Of course, I won’t say that to Clare. I care about her and don’t want to add to her misery. But I’ll say it to you. If you choose to save money by hiring the guy with no experience, or the guy with no license, or the guy who’s moving around so fast from job to overbooked job, you deserve what you get. If you don’t want to put yourself in that position, make a different choice.

However, if saving money is the most important thing in your life without exception — and is more important than a high quality job, or peace of mind, or anything else — then by all means, hire the cheapest guy you can dig up.

But please don’t complain about the pain you are bringing into your life. At least not to me.

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11 Comments

  1. Andrew says:

    Great article. Unfortunately too many people end up settling for the bottom line without thinking of the potential risks involved not to mention the possibility of paying more down the road just to fix the mistakes of “contractor cheapo”. Another great point when deciding on a contractor is to consider which company delivers the best value. A company providing the best quality is always nice to have, but can potentially price you out of the market or give you more than what is needed for your families needs. Going cheap is never a good idea, but it’s not always the best to go with the most expensive either.

  2. Leo Croes says:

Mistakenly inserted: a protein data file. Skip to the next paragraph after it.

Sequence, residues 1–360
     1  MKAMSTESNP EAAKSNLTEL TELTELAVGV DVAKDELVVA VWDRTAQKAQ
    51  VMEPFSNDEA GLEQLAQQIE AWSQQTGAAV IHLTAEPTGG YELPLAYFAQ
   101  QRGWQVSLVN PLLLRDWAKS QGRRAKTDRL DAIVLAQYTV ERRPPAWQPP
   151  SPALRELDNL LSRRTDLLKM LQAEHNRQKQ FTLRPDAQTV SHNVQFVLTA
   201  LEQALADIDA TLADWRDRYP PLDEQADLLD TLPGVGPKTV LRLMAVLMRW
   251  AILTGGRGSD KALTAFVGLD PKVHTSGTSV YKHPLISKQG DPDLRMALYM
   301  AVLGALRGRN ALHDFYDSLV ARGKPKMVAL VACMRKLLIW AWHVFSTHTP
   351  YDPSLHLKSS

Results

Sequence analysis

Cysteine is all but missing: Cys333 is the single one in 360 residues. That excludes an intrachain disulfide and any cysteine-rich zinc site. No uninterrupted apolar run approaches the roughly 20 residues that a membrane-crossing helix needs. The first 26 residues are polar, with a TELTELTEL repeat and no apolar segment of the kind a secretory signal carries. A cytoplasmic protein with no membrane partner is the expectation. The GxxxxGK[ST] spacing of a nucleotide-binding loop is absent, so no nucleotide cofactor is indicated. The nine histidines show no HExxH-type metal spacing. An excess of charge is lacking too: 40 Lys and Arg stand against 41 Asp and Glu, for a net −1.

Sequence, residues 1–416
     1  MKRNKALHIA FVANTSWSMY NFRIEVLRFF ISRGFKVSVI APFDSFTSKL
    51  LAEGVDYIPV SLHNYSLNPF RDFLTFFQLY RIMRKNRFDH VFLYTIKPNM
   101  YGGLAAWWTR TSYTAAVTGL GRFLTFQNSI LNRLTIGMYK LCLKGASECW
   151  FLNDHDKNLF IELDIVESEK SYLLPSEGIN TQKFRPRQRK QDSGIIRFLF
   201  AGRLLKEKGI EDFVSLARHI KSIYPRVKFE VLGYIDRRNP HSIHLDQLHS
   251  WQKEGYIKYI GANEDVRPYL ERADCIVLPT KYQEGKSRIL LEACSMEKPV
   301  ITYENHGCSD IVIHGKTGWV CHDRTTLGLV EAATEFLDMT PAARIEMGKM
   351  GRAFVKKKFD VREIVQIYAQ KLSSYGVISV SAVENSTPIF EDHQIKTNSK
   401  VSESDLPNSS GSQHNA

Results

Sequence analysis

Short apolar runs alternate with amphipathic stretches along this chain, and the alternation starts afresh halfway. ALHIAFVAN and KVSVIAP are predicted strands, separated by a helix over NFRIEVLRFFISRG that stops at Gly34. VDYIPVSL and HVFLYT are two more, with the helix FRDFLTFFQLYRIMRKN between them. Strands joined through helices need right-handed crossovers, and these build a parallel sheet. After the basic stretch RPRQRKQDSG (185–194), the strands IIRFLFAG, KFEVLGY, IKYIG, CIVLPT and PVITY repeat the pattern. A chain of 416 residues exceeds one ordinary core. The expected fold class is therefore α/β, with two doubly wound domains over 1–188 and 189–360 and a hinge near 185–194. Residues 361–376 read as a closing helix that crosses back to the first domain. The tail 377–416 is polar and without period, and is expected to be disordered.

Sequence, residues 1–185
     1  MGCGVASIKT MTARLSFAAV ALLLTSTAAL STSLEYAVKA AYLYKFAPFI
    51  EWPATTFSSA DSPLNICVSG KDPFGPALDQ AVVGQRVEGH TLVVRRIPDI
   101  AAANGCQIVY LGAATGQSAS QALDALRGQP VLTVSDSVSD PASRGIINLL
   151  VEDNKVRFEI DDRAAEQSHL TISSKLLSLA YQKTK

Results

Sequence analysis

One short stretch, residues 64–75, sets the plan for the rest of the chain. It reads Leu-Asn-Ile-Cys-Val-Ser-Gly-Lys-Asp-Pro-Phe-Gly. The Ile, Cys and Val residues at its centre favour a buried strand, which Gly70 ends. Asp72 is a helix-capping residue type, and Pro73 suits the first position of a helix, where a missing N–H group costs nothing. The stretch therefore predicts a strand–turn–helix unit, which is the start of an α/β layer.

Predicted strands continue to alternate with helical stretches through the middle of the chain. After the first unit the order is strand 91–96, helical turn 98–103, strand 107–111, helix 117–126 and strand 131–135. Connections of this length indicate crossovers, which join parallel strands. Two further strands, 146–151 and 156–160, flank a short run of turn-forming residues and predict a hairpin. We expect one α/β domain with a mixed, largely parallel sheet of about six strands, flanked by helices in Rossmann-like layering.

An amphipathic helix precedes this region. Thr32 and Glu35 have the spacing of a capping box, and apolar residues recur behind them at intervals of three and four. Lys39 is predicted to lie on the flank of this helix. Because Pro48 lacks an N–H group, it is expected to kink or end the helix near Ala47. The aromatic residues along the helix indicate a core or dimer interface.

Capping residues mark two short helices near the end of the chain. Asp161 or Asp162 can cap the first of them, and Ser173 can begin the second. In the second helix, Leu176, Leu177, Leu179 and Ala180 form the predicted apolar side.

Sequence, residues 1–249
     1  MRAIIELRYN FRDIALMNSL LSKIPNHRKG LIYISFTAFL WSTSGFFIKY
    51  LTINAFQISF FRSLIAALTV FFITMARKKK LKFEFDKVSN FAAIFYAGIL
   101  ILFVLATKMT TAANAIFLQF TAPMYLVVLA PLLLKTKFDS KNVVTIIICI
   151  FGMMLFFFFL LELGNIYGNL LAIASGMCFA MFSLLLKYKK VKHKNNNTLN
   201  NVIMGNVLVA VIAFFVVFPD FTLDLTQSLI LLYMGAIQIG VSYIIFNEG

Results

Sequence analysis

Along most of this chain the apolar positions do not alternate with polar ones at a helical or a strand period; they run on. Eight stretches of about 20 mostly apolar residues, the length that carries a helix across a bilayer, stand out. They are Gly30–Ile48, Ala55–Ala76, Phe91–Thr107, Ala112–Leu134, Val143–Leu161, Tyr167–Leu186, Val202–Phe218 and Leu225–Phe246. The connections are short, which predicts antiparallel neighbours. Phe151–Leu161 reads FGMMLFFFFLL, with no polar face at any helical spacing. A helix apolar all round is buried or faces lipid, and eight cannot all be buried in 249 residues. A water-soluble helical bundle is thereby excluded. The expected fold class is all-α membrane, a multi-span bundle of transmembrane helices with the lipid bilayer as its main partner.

Always ask to see some kind of contractors licesence as well. With so many people claiming to be “workers” right now, it’s important now more than ever to have a contractors licesence.

  3. Janet says:

    Excellent article. We get the impression that because the economy is bad that some clients think they can demand all kinds of freebies and extra services. They don’t consider that no matter how bad the economy is, contractors have expenses and we can’t work for free – especially if they want quality work. Thanks for a great clarification of the issues!

  4. David Wayne says:

    Thanks for your input. But I will love to choose a contractor who is cheap as well a reliable. Often the service provider may not offer durable and long-term solutions due to lack of adequate professional experience and expertise. So one must hire a contractor based on the word of mouth of his neighbors, coworkers or friends, and then negotiate for a better price.

  5. Xtrm says: